- Research in Special Education: The latest findings in the research of learning disabilities, education accessibility, gifted and talented students, programming to support children with special needs, and the efficacy of different teaching and intervention strategies. Evidence-based practices in special education.
Some EdD programs also allow students to take elective courses that are not part of the core curriculum, and are also not specialization courses, but which enhance students’ preparation for their future roles in education leadership. These elective courses may be part of a different EdD concentration, or may be from a different department at the school at which students are enrolled. Examples of these courses may include:
- Creating and Influencing Policy: The processes by which policy is created, evaluated, and modified. The avenues through which different stakeholders can influence policy through lobbying and advocacy. How education leaders can influence policy-making processes at the institutional, local, state, and national levels.
- Human Resources Management: Human resources principles, methods, and theories, including how to manage teams of people within an organizational structure and facilitate effective communication, teamwork, and progress on initiatives. How to support employees’ professional development and motivation.
In addition to differences in curricula, online EdD programs also vary in terms of structure and dissertation requirements. For more information, see our Structure of Online EdD Programs and Dissertations and Research Requirements for EdD Programs pages.
Career Paths for Graduates of EdD Programs in Special Education
Graduates of EdD programs in Special Education have the training to work with students with special needs in a variety of settings in both the public and private sectors, including primary and secondary schools, speech and language learning centers, education advocacy organizations, and government agencies. Examples of roles in special education leadership include but are not limited to:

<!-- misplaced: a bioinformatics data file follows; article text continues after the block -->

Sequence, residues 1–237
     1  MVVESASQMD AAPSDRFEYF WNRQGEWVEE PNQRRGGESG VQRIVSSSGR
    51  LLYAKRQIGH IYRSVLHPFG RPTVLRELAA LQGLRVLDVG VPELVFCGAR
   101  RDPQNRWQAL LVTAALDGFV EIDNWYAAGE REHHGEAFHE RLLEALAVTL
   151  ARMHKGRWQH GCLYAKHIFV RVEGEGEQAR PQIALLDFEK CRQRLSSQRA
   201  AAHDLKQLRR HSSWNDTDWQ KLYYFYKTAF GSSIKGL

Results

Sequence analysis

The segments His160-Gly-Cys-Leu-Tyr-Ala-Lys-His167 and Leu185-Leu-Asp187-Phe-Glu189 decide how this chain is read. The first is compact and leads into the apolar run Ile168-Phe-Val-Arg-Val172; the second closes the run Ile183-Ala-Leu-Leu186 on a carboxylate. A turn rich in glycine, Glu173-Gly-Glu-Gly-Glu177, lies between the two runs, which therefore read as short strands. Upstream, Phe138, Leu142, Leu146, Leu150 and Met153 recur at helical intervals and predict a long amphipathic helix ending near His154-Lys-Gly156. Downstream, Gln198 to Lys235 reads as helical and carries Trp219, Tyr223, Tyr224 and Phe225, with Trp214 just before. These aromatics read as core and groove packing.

- Leaders of Special Education Centers: Learning centers for students with special needs provide guided learning activities for students with cognitive or behavioral disorders. Individuals with an EdD in Special Education can serve as teachers as well as administrators at these centers. Their responsibilities may include planning and implementing special education curricula, hiring and supervising staff, discussing student needs with parents and caregivers, and evaluating student learning outcomes in order to improve programming and services.
- School Principals: All institutions of primary and secondary education need to have programming and services that meet the educational needs of students with different learning challenges. School principals preside over the operations of the schools under their supervision, and are responsible for the development of services that support special education populations. Principals are also responsible for ensuring that students have a safe and supportive learning environment free of bullying and discrimination.
- Special Education Instructors: EdD graduates who specialize in special education may also work at schools at the primary or secondary levels, where they support students who are struggling with learning and behavioral challenges, and work with parents to help children address their barriers to educational attainment. They also collaborate with school staff to develop educational programs for students with special needs as well as the general student body.
- Directors of Education Accessibility: Directors of education accessibility work at institutions of higher education to ensure that school facilities, programs, and services sufficiently meet the needs of students with disabilities and align with government mandates such as those outlined in the American Disabilities Act. They also handle requests from students for accommodations or additional support during exams and other academic activities.